The difference between creating a pillow company and creating a tech platform is the difference between baking a cake and filming a movie. Yes one can do both, but most cannot launch companies of vastly differing industries. While most are not entrepreneurs like Mike Lindell, there is a sense that Mike Lindell’s branding is spread thin and weighed down in controversy.
In short there are a number of reasons that Mike Lindell should not set out to create a social media platform, but his capability in creating one, while dubious, is not the reason for this article. Creating a social media is doable. However, creating a social media to address current demands in the next generation of social media has already been done.
Between Gab, MeWe, Rumble, and SayScape, the solution to big tech censorship has already been created. Not enough people are on these platforms. Moreover, Mike Lindell has little to offer other than his brand, as he is well behind in the competition. In essence, Mike Lindell is being redundant. But given Mike Lindell’s previous experience on social media, the probability that big tech would attack his business is extremely high. They took down Parler for a time, and Gab had to build it’s own infrastructure while struggling to open a business checking account. Mike Lindell is likely unprepared on an infrastructural level.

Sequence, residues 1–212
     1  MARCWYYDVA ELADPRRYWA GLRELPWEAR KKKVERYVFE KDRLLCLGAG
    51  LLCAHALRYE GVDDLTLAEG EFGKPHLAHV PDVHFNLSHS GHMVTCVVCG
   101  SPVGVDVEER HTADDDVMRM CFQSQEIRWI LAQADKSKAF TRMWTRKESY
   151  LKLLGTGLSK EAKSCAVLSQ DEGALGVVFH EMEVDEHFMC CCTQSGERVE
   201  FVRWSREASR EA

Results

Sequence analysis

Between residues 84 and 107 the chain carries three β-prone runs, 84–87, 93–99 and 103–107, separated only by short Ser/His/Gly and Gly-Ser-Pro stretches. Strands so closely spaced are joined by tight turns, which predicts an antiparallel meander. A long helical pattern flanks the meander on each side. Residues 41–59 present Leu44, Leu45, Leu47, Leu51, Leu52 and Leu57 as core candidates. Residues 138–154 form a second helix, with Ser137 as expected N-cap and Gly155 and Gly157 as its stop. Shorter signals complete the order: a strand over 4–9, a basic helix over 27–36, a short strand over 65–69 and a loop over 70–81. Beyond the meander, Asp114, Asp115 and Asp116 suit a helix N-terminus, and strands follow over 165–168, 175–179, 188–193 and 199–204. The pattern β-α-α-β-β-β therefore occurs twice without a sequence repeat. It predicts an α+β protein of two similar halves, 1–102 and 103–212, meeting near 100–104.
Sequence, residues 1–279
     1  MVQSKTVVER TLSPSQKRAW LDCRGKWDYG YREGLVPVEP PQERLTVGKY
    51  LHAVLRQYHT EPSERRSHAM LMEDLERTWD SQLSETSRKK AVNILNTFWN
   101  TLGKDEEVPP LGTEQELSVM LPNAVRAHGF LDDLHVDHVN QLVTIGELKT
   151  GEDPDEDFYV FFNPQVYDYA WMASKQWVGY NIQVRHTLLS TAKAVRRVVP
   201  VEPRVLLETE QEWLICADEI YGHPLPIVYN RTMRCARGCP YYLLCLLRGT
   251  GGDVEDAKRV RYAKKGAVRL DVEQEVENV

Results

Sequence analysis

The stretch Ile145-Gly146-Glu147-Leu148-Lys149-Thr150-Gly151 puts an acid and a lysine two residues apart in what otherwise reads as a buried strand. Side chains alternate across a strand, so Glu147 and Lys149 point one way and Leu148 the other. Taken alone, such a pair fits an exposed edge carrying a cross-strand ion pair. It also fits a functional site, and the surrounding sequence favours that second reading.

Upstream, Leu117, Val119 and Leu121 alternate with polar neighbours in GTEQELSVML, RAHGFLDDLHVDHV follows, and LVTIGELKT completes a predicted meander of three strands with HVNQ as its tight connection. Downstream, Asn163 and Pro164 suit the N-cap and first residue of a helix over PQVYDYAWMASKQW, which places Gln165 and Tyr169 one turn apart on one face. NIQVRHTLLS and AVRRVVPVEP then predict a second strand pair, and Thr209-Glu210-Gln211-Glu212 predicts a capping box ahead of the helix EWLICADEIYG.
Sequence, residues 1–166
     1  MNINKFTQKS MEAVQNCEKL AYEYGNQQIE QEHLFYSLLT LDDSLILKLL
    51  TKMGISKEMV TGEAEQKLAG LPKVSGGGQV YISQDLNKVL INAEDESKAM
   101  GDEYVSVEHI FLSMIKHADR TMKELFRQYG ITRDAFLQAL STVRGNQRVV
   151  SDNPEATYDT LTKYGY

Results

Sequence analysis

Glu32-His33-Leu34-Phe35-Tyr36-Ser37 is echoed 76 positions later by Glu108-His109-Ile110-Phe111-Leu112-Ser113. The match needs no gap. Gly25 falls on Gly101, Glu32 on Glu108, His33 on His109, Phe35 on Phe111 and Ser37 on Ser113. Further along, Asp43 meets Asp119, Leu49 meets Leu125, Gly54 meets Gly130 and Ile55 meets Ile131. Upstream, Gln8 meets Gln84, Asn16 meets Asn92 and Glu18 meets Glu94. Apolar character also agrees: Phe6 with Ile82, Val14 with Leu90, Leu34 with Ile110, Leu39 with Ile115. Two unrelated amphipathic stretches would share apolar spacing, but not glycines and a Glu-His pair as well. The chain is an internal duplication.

Furthermore, I would argue that there is a great opportunity cost to Mike Lindell’s time spent on developing a social media platform. Mike Lindell has been a powerful faith-based investor, and this is especially the case in film. Movies like Unplanned and, the now debuting, Church People are both products of Mike Lindell’s investing, and both appear to be steps in the right direction for Christian film.
So why invest in an already crowded field that that has already created what you are trying to create. Why not seek opportunity and break new ground or build a film empire that has already experienced financial success?
This move makes no sense. While Mike Lindell is free to spend his money how he sees fit, this move comes across as an ego play, building a social media platform, that’s really a glorified fan club. A comparison to this would be Jordan Peterson’s Thinkspot.
While I think there is a pride element to this decision, I would welcome seeing more Christian “rich people” take the risks that Mike Lindell has taken. I mean this in a broad sense, not necessarily his political activism. I’ll close with a reminder of the Parable of the talents. The servant given one talent and buried it was viewed as wicked. Therefore, God does not only expect rich Christians to take financial risks for the kingdom.